PCC: Make policy changes to open telco, energy markets

Chrisee Dela Paz
PCC: Make policy changes to open telco, energy markets
What needs to be done is to pass proposed amendments to the 80-year-old Public Service Law, says a PCC commissioner

TAGAYTAY, Philippines – There is no need to amend the 1987 Philippine Constitution to liberalize the country’s telecommunications and energy sectors and allow foreign players to operate as public utilities, said the Philippine Competition Commission (PCC).

PCC Commissioner Johannes Benjamin Bernabe said all that Congress has to do is to prioritize and pass amendments to the 80-year-old Commonwealth Act No. 146, also known as the Public Service Law.

Bernabe’s remarks came after President Rodrigo Duterte said last Wednesday, November 23, that foreign players should enter the telecoms and energy sectors.

Under the 1987 Philippine Constitution, only companies owned at least 60% by Philippine nationals or corporations may operate as a public utility.

But the definition of a “public utility” under the Public Service Law is not clear, according to Bernabe.

“It enumerates so many activities – ice plants, marine railways, shipyard. It hasn’t really been comprehensively reviewed and revised since the 1930s,” the PCC commissioner told reporters in a media seminar in Tagaytay City on Sunday, November 27.

“If we revise that 1930s legislation and limit, then we are effectively limiting the Constitution,” he added, saying “telecommunications should be excluded from the ‘public utility’ definition.”

Two giants ‘agree’ with policy changes

The country’s telecommunications industry is being dominated by two players: PLDT Incorporated and Globe Telecom Incorporated.

Japan-based NTT Group has been a strategic partner of PLDT since 2000, owning 20.35% of PLDT’s common shares as of end-September 2016.

Singapore-based Singtel, meanwhile, owns 20.13% of shares in Globe Telecom as of end-September 2016. (READ: Globe Telecom hikes 2016 spending to over $1B)

But even if local firms have partnered with these foreign players, most consumers still complain about “slow” and “expensive” internet services.

According to the PCC’s Bernabe, even the two telco giants think the Public Service Law must be amended.

“The rational explanation here is that they also need a lot of capital spending budget to up their game. Even the Ayalas and the MVP group, they need more budget to improve their services. This (operating telcos) needs [a] huge budget,” Bernabe said.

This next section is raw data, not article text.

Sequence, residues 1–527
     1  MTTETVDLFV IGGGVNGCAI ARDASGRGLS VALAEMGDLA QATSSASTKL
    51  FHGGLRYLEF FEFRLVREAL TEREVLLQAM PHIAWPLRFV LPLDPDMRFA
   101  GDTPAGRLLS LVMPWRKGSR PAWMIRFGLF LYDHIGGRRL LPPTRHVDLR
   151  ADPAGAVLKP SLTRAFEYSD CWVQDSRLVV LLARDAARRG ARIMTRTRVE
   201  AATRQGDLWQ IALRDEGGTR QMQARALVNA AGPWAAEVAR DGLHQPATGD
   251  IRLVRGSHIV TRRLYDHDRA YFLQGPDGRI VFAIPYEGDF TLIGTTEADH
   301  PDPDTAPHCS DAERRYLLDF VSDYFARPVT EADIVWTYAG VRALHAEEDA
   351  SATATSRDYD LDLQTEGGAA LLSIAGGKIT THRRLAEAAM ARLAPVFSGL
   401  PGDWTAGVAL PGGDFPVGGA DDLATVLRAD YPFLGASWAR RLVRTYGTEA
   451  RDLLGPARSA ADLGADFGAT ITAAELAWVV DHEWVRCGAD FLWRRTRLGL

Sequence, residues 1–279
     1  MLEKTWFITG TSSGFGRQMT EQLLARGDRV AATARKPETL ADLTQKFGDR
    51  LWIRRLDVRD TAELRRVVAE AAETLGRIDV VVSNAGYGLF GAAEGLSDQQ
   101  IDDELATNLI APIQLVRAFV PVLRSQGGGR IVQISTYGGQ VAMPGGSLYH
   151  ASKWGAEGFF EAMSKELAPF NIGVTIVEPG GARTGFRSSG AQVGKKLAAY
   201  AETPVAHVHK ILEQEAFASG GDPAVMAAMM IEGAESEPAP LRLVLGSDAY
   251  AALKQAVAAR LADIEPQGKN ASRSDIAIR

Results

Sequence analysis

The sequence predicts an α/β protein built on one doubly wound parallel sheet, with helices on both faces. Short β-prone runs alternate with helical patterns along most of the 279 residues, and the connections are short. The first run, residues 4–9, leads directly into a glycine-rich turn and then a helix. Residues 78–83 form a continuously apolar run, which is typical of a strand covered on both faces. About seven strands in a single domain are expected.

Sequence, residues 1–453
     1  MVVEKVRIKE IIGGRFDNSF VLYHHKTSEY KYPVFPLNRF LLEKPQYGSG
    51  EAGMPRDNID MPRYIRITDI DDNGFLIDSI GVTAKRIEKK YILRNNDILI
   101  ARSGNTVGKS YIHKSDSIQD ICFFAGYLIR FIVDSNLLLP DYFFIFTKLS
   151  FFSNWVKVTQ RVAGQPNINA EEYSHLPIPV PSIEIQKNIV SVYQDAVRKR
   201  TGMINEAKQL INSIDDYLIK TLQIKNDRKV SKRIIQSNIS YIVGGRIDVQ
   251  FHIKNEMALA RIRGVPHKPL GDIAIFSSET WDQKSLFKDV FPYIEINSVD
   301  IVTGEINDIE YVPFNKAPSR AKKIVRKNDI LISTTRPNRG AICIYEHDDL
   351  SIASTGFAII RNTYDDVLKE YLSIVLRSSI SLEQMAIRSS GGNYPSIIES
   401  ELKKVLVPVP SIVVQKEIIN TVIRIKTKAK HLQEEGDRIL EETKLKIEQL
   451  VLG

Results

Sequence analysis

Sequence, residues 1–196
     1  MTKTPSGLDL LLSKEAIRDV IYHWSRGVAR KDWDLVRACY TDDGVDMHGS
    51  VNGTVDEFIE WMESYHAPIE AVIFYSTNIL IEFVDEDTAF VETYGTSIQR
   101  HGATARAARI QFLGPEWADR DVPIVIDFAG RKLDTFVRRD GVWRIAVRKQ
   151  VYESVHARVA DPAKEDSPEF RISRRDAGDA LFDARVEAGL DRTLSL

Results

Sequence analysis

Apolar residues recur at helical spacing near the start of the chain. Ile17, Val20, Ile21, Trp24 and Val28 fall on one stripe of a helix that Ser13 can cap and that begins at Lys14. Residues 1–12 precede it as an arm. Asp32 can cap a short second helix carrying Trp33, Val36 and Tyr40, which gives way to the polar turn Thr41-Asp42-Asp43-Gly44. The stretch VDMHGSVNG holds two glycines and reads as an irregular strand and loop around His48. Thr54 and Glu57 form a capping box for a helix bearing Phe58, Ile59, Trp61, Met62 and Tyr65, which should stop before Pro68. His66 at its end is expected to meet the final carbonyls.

“That is why they are also open for telecoms to be removed [from] the Public Service Act,” he added.

For Globe Telecom chief information and technology officer Gil Genio, being a player in the country’s telco industry requires “$800 million to $1 billion a year in capital spending.”

Bernabe said he is optimistic that the amendments to the Public Service Law will be approved by next year, given Duterte’s stance to liberalize the telco and energy markets.

The President had said: “I would like just to send this strong message: It’s about time that we share the money of the entire country and to move faster, make competition open to all.”

But for ICT advocacy group Democracy.Net.PH, the bundled spectrum frequency made available by the National Telecommunications Commission is “not enough” for a 3rd major player “to operate and thrive.”

The group added that PLDT and Globe own nearly 80% of the total available and allocatable spectrum, inclusive of guard bands, according to the National Radio Frequency Allocation Table (NRFAT).

San Miguel Corporation was supposed to launch a 3rd major telco player this year, but its talks with Australia’s biggest phone and Internet provider, Telstra Corporation, collapsed after both failed to agree on an equity investment.

A couple of months after its talks with Telstra failed, San Miguel sold all of its telco assets to PLDT and Globe for P69.1 billion. 

The Court of Appeals later stopped the PCC from reviewing the San Miguel telco buyout deal. – Rappler.com

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